One of healthcare’s biggest concerns has been the misuse of antibiotics and resulting rise in drug-resistant bacteria and infections. About 2 million people contract an antibiotic-resistant infection each year, with 23,000 dying as a result, according to a CDC report.
One new strain of Carbapenem-resistant Enterobacteriaceae (CRE) is able to share its antibiotic resistance with other bacteria. Efforts are being made to develop new antibiotics, but creating them is both difficult and expensive.
In response, the CDC has a list of seven core elements that all healthcare facilities should use when constructing an antimicrobial stewardship program:
• Leadership Commitment - Dedicating necessary human, financial, and information technology resources
• Accountability - Appointing a single leader responsible for program outcomes. Experience with successful programs shows that a physician leader is effective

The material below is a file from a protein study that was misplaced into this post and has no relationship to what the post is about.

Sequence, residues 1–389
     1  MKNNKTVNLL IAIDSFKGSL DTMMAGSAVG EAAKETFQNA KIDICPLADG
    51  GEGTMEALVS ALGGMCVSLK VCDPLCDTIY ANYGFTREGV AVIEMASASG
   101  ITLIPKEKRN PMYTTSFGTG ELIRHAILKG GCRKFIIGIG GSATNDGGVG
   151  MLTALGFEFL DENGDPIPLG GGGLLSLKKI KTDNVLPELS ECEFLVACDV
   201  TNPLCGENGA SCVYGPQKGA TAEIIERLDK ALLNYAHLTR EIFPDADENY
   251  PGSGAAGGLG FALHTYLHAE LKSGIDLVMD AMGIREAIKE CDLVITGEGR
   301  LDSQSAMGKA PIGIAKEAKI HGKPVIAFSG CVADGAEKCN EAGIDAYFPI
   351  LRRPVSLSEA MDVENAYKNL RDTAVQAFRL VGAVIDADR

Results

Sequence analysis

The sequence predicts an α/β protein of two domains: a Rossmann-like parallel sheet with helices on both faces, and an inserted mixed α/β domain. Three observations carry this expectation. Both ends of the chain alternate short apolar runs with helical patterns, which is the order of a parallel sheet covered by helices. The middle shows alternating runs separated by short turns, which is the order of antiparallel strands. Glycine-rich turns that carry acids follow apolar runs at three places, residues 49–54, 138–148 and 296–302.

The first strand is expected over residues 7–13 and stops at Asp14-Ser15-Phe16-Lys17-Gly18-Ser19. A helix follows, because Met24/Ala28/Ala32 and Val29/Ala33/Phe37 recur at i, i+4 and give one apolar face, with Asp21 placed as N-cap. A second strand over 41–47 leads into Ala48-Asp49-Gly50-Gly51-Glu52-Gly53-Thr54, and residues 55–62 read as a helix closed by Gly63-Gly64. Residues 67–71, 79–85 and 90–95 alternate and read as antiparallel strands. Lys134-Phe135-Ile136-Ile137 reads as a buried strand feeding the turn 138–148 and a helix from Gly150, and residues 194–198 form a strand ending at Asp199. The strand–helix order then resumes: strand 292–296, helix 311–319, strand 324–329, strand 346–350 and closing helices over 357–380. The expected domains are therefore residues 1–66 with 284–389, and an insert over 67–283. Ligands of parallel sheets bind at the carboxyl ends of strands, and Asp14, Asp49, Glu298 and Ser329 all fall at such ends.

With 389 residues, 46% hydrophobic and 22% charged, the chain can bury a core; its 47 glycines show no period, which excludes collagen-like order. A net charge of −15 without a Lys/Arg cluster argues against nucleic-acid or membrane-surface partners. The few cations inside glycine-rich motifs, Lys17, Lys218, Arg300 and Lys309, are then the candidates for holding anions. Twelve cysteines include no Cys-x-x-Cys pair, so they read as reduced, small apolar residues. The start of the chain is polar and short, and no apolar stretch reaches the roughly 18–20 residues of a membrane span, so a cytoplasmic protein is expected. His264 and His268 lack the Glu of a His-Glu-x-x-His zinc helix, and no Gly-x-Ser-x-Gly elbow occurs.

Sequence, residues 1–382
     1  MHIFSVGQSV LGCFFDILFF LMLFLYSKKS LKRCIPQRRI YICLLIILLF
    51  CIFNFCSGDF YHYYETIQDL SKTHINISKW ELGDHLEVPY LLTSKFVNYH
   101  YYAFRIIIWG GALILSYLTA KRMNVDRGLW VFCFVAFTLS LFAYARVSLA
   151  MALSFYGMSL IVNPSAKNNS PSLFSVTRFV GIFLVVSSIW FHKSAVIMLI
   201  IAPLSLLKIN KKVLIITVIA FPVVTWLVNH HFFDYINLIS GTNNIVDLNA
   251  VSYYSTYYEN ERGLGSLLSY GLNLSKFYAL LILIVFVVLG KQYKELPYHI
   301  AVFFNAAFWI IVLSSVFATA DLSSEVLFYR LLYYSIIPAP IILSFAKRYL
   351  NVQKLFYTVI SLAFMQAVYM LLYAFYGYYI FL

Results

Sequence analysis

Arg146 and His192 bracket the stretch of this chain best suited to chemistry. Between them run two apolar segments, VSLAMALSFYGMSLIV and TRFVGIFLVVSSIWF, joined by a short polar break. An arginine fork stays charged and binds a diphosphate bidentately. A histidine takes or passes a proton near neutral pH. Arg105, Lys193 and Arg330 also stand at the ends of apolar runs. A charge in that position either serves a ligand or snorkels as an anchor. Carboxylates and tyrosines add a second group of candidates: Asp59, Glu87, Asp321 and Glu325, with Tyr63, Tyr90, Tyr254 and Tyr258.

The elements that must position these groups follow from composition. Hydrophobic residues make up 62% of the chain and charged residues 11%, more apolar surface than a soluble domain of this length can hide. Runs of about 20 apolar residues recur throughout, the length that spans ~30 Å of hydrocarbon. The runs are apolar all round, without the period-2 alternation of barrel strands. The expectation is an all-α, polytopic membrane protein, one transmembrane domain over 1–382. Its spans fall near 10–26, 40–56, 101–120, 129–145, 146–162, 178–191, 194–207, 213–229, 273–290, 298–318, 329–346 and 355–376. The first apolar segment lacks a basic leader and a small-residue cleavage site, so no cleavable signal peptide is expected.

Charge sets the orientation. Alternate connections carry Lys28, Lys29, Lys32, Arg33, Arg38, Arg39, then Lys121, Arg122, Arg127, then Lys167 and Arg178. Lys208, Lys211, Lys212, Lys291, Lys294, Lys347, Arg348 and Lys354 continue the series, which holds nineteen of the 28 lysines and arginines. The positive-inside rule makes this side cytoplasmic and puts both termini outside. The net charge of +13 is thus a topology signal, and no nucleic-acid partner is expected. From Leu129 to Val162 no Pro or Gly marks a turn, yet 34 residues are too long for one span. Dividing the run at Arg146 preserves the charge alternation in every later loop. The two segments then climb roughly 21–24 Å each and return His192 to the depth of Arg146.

• Drug Expertise - Appointing a single pharmacist leader responsible for working to improve antibiotic use
• Action - Implementing at least one recommended action, such as systemic evaluation of ongoing treatment need after a set period of initial treatment (e.g., an "antibiotic timeout" after 48 hours)
• Tracking - Monitoring antibiotic prescribing and resistance patterns
• Reporting - Regular reporting information on antibiotic use and resistance to doctors, nurses, and relevant staff
• Education - Educating clinicians about resistance and optimal prescribing
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